Muslims Share Their Process of Citizenship and Preparing to Vote For First Time

Siblings Ezoza and Timur Nomazov studying on Virginia Commonwealth University's campus.

Siblings Ezoza and Timur Nomazov studying on Virginia Commonwealth University’s campus. Photo By Ashley Jones

BY ASHLEY JONES

RICHMOND, Va. (3-29-16) – During her senior year in high school, Ezoza Nomazov remembers opening her materials to start class in AP U.S. Government for the first time. While this is usually a recap of American history for many high school students, Ezoza’s experience was different. This was the first time she would formally learn about the American governmental system.

Now as a newly naturalized citizen, Ezoza, along with her brother Timur are following the 2016 presidential election in preparation to vote for the first time ever. Five years before their naturalization, the siblings’ journey to America helped define their views and found that it influenced their potential vote as Muslims.

Journeying To America

In 2010, Ezoza, 21, and Timur, 23, left Moscow, Russia, with their parents to move to Richmond. After their parents received green cards, they decided to join extended family members who were already in America to give their children a better opportunity.

Their mother, Mohira Nomazov, said getting a green card was a long process. You have to enter your information into the immigration system and wait a couple months or up to a year for the results to see if your family is chosen.

Ezoza and Timur are originally from Uzbekistan, an Islamic country on paper, according to Timur. Until 1991, there was no religion in the country and everyone was Atheist. He says that Uzbekistan’s practice of Islam is influenced by neighboring country Afghanistan, but it is not tolerated in reality. People are forced to practice Islam in secrecy.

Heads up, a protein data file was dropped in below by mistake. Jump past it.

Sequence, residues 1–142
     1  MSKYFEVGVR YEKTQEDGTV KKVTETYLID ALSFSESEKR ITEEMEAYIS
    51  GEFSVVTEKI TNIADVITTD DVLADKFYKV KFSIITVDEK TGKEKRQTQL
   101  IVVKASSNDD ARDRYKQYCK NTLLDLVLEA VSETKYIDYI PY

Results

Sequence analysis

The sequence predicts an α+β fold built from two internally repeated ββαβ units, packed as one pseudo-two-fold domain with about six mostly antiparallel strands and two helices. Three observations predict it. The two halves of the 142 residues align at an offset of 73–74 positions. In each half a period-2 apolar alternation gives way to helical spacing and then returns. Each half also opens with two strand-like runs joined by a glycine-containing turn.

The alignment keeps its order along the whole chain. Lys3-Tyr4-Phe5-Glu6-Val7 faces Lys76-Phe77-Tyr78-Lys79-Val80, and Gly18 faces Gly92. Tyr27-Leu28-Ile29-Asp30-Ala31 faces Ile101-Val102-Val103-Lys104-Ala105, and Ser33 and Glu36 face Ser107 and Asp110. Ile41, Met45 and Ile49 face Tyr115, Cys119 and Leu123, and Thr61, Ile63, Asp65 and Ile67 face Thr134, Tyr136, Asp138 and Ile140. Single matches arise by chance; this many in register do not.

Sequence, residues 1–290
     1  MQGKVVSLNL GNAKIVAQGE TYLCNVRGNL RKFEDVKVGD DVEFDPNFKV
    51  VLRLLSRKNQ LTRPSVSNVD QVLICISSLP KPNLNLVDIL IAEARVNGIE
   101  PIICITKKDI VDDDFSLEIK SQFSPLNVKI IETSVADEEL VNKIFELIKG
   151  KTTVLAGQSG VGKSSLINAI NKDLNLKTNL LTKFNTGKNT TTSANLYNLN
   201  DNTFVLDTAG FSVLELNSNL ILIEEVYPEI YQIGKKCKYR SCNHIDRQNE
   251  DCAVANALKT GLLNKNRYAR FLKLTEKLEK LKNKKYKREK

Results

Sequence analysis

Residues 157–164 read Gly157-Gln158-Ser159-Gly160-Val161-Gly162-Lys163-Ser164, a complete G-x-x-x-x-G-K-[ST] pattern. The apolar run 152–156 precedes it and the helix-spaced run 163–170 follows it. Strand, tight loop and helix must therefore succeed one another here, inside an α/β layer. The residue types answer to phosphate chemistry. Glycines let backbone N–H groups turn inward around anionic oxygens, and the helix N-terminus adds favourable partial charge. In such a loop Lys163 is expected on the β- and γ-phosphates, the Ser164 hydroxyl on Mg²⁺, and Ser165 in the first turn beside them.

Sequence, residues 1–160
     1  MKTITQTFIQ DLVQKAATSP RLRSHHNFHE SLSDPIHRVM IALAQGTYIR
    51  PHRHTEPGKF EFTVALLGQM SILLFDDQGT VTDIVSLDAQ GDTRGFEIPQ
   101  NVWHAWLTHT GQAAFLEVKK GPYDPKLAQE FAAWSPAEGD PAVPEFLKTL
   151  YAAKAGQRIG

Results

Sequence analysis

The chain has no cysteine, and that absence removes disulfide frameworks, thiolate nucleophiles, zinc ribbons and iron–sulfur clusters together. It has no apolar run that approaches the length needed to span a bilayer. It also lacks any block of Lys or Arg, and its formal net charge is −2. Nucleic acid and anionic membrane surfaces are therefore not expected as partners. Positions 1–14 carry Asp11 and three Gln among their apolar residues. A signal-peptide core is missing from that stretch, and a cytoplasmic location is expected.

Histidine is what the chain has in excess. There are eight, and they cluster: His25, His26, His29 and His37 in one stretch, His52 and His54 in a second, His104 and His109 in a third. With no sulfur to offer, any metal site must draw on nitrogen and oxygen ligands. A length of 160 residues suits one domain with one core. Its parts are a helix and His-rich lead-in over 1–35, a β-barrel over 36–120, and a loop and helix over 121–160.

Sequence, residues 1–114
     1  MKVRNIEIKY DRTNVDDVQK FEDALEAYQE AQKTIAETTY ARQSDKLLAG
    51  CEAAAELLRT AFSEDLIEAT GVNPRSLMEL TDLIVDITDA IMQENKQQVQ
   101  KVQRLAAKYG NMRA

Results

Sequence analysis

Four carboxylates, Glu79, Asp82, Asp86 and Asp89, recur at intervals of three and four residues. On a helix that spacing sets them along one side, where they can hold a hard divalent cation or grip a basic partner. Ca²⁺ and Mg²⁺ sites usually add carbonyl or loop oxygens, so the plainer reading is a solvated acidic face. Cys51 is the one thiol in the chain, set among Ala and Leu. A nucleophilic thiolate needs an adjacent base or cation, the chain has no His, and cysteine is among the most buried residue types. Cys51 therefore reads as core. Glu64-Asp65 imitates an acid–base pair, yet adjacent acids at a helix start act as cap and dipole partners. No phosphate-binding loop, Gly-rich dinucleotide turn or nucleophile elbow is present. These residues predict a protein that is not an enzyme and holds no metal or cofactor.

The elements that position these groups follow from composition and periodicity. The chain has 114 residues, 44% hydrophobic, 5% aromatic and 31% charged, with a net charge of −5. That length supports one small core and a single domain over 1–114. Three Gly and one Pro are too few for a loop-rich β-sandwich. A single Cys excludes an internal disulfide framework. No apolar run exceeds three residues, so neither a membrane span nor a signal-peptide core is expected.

Ezoza said America is different than Uzbekistan, because America is more accepting.

“You can practice your religion, including Islam here, [in America] freely compared to other countries, and [have] freedom of speech.”

Their mother added that moving to America, despite its challenges, was easier than continuing to live in Uzbekistan.

“There is no voice or democracy, so you cannot practice anything you want and you can’t reach your goal,” she said. “People want to escape.”

When they moved to Richmond, Ezoza entered her sophomore year of high school at the Collegiate School, while Timur started his first year of college at Virginia Commonwealth University.

While attending the university, Timur joined the Muslim Student Association.

Imad Damaj, the faculty advisor of VCU’s Muslim Student Association, said the organization is meant to support and promote understanding between Muslims, while connecting them to communities outside of VCU.

Timur said that while he did not intend to find the organization, it made a difference in his transition to America.

“Meeting the people who have the same culture makes it much easier,” Timur said. “For example, my English was not that good and [other MSA members] were helping with the classes because some of the guys there were taking the same classes. It helped me a lot.”

Mohira said she was proud to see her children receive the level of support and education they did while attending these schools.

“It was easy for [Ezoza and Timur] to adapt and go to schools and everything worked smoothly,” Mohira said. “My kids were taking classes and going to private school, and it was my dream to give them that.”

During Ezoza’s senior year of high school, she found her AP U.S. government class to be beneficial. She said it helped to pay attention, because it introduced her to the American system.

“For the reelection of Obama I was kind of learning all that stuff and hearing all those viewpoints and I was kind of preparing for my turn to vote. [The class] was an educational process for me and now it feels amazing to contribute to that and to vote and when you have an idea of how the whole process works, it’s pretty eye-opening.”

Suzanne Lewis, Upper School History Teacher and Chair at Collegiate School, said the AP curriculum for American politics includes the rise of political parties and how they work, and the voting process and interest groups. More specifically, the curriculum can focus on current events such as the 2016 presidential election.

She said the school also uses history and government classes to prepare students for voting.